Famous Dave’s: The flavour was solid, and the requisite smoke ring proved that the brisket had spent time in the pit. Still, it was dry and needed sauce. Luckily, Famous Dave has some great sauces but really good brisket makes me reluctant to employee any sauce at all.
Dinosaur: Very good flavour; sufficiently moist and just enough fat. Arrived drizzled with bbq sauce, which I don’t love as I like it naked first, and in this case the brisket did not require sauce so it’s a shame it came pre-dressed.
8 ½ /10
Famous Dave’s: Good pulled pork. Sufficiently moist, sufficient flavour. Not the best I’ve had, but above average.
7 ½ /10
Dinosaur: Very good pulled pork. Sauce again unnecessary, as the pork was very flavourful and moist. Quite good.
8 ½ /10
Famous Dave’s: Very tasty, slightly dry. Required sauce. Reminded me that we were at a chain restaurant and that the chef probably wasn’t doing it for love.
7 ½ /10
Dinosaur: Very tasty, but not the best cut I’ve had. Moist but still required sauce.
7 ½ /10
I will eat collard greens every chance I get. Other than meat, there is nothing I associate with bbq more than collards. Might make a vegetarian of me yet. Best thing about collards is that even mediocre collards are good.
Famous Dave’s: Super salty. In fact everything was salty. Okay.
Dinosaur: Good fries. Not special.
6 ½ /10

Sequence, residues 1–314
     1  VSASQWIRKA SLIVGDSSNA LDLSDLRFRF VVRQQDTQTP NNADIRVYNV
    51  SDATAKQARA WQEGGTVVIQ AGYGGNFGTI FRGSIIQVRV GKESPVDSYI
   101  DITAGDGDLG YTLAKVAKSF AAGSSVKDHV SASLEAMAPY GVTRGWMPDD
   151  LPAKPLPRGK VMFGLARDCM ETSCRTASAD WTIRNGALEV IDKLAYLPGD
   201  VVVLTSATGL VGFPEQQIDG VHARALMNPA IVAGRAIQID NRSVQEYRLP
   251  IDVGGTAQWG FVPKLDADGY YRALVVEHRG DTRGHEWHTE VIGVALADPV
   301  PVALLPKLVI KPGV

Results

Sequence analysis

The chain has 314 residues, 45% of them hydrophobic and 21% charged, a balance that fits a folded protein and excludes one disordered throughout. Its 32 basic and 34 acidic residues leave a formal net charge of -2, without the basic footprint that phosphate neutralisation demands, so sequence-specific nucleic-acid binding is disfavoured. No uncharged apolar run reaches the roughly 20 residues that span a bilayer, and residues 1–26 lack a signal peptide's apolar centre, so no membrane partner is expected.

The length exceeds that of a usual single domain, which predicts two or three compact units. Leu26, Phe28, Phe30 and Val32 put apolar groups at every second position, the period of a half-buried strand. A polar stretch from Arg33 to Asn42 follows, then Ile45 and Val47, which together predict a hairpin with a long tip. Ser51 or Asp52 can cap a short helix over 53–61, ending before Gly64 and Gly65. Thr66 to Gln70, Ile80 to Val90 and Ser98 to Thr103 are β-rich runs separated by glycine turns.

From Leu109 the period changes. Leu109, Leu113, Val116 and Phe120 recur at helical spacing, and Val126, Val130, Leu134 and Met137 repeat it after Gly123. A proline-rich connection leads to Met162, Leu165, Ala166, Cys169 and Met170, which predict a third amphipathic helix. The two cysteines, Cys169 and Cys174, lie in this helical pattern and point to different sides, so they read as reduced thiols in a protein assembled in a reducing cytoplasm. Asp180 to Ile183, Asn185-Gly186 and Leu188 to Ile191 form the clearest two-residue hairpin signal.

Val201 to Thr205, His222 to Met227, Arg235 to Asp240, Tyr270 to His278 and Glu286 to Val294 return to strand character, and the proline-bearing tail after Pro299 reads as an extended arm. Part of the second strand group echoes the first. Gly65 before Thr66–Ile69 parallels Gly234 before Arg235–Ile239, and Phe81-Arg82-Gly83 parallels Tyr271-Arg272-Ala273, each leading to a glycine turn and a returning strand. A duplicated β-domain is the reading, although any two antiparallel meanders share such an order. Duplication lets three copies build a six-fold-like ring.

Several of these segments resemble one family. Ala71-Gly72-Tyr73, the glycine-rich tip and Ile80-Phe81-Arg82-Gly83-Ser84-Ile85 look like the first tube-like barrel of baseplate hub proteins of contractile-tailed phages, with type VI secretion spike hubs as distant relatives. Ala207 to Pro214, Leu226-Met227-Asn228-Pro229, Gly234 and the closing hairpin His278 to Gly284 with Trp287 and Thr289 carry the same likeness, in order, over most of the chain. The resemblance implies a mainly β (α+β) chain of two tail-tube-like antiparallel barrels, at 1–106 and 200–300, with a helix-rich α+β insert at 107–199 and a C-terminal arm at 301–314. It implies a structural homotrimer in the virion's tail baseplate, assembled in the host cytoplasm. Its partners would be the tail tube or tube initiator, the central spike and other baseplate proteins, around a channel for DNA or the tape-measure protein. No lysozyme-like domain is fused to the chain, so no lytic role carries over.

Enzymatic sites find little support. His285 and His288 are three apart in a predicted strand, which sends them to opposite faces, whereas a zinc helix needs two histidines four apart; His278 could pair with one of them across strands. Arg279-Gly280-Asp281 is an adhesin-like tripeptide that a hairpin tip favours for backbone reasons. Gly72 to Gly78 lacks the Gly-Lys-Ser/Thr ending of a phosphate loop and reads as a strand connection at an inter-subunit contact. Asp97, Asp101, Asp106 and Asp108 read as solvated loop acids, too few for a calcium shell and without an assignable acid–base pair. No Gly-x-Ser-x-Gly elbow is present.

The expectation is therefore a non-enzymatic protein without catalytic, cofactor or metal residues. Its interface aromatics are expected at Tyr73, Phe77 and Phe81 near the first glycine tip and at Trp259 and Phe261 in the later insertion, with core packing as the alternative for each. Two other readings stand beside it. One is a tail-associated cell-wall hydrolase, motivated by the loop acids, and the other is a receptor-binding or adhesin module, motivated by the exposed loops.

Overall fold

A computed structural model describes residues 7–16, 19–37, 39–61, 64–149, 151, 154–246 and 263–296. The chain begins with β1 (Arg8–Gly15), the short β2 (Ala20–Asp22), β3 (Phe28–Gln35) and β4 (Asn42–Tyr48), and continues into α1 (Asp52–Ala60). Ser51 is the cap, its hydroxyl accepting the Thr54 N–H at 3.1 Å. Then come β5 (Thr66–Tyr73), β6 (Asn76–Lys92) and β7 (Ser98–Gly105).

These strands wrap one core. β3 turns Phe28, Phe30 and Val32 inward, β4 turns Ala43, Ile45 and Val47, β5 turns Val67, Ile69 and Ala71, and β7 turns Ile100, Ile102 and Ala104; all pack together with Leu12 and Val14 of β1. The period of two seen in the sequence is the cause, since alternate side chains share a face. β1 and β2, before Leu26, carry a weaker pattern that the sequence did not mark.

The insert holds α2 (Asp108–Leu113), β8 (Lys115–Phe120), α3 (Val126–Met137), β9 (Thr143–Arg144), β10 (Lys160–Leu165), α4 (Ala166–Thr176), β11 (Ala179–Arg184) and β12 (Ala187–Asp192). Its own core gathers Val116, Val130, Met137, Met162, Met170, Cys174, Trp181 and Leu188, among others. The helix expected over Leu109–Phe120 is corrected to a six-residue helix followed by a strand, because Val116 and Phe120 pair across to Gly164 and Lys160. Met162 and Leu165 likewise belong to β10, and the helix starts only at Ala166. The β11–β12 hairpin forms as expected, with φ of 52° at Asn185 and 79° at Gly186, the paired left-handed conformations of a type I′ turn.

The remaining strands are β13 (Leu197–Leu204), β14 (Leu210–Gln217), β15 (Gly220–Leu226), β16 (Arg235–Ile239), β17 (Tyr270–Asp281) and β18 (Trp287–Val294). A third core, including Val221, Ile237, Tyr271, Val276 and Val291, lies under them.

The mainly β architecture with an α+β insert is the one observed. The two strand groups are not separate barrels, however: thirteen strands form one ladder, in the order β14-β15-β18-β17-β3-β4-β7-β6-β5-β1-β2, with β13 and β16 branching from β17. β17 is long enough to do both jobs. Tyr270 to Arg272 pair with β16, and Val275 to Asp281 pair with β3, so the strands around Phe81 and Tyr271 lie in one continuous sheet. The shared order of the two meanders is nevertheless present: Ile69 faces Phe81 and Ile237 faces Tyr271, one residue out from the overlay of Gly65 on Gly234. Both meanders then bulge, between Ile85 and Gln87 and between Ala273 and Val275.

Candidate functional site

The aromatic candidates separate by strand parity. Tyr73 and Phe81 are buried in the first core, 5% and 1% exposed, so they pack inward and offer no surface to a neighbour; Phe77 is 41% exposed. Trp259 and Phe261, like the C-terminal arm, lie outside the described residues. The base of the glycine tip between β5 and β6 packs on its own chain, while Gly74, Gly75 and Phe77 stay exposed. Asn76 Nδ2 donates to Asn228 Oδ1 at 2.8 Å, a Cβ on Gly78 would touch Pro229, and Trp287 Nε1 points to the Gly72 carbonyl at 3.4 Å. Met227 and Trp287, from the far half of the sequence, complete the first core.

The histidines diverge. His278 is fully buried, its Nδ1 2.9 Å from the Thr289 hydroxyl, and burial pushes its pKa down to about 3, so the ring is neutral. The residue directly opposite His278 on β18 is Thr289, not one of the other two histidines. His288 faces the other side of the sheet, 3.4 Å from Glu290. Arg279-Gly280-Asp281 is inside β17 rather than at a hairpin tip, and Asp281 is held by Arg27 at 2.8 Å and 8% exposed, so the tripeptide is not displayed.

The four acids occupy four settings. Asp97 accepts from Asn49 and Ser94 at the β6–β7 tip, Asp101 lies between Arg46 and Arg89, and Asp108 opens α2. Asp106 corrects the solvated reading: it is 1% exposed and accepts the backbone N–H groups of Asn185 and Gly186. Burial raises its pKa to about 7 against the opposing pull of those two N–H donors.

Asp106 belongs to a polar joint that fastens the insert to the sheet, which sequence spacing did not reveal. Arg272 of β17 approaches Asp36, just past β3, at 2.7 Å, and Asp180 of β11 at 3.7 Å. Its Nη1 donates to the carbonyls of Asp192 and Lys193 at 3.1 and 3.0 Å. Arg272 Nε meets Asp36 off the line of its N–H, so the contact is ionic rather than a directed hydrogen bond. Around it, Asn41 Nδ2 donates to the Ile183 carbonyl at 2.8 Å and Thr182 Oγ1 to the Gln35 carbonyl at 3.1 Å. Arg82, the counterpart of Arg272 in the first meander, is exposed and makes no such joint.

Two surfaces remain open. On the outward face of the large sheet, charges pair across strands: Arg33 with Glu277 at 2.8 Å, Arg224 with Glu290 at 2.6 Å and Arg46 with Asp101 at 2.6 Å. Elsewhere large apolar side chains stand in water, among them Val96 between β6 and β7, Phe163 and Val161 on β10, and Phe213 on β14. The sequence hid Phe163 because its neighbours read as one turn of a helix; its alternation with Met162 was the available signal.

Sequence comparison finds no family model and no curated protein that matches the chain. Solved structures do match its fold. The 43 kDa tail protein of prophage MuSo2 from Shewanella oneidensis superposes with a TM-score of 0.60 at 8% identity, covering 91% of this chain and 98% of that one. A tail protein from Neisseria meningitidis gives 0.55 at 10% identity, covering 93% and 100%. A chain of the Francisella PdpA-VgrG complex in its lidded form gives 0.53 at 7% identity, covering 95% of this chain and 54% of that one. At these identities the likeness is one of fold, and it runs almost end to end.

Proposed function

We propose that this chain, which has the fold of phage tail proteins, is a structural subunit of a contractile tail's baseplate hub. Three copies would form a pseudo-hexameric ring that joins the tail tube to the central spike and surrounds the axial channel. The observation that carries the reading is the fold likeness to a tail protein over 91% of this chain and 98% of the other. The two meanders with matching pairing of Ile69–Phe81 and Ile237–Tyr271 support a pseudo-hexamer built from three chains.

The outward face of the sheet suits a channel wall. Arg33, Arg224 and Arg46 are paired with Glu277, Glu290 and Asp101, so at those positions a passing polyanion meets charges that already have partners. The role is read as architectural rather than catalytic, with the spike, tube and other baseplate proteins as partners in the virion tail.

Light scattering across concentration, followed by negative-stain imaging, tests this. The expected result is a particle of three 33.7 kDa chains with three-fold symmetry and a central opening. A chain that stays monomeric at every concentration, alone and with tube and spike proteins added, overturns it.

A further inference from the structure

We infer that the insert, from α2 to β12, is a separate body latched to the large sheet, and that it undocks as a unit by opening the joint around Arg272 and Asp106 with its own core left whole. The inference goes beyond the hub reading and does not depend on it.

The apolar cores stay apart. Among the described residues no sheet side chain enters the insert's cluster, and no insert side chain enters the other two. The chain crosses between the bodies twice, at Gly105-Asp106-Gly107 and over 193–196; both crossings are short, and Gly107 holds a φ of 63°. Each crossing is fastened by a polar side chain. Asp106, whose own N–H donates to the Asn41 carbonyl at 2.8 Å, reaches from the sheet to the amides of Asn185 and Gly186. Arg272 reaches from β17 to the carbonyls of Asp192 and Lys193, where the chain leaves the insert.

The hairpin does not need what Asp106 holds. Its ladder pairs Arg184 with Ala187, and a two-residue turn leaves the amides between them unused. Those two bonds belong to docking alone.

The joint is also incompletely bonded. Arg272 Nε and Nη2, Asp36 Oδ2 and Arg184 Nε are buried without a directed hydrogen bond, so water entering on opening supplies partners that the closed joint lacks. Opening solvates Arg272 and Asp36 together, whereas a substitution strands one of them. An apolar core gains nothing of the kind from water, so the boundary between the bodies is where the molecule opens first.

No I am not ashamed to finish my plate, Lizzie’s plate, and the girls’ plates. All for the sake of this review, of course; I took no pleasure in eating gluttonously, whatsoever.
Famous Dave’s: Good. On the topic of cluckers, Dave does use cage-raised chickens and eggs. He vows on his website to stop using cage-raised chickens by 2025. That’s like saying, “I’ll quit smoking when I’m dead.” Still, he addresses it publicly. Nowhere on the Dino site does it mention sustainable and ethical practices.
Dinosaur: Very good. Don’t know if they’re cage raised, but moist and tasty. Note that Dinosaur offers kids homemade apple sauce as a side. That’s sweet.
Famous Dave’s: Very good: our waitress was fun, appeared when we needed and disappeared when we didn’t. She was sensitive to the fact that we had kids with us, and they had their drinks quickly, and refills were supplied when a fight broke out over lemonade.
8 ½ /10
Dinosaur: Solid. Lizzie’s request for water required a second ask, as did a reminder that we had ordered a side of fries to share. All responded to promptly.
7 ½ /10
Famous Dave’s: 50.5/70
Dinosaur BBQ: 53.0/70
TKO – Dinosaur BBQ
They went toe to toe, but the winner of this cage match is Dinosaur Barbecue. It’s not perfect bbq, but it’s a chain that deals in satisfying meat that is properly smoked.
When in Rochester, the Dinosaur BBQ is located in the central business district. You can park on the bridge overlooking the water. If visiting with kids, book an earlier time. We visited at 5:30 which was just before the real rush. Do make a reservation: there is a wait for anyone who doesn’t plan ahead.
Famous Dave’s resides in Greece, NY, a suburb of Rochester. Easily accessible and lots of seating. When we left there was a bit of a wait, but tolerable.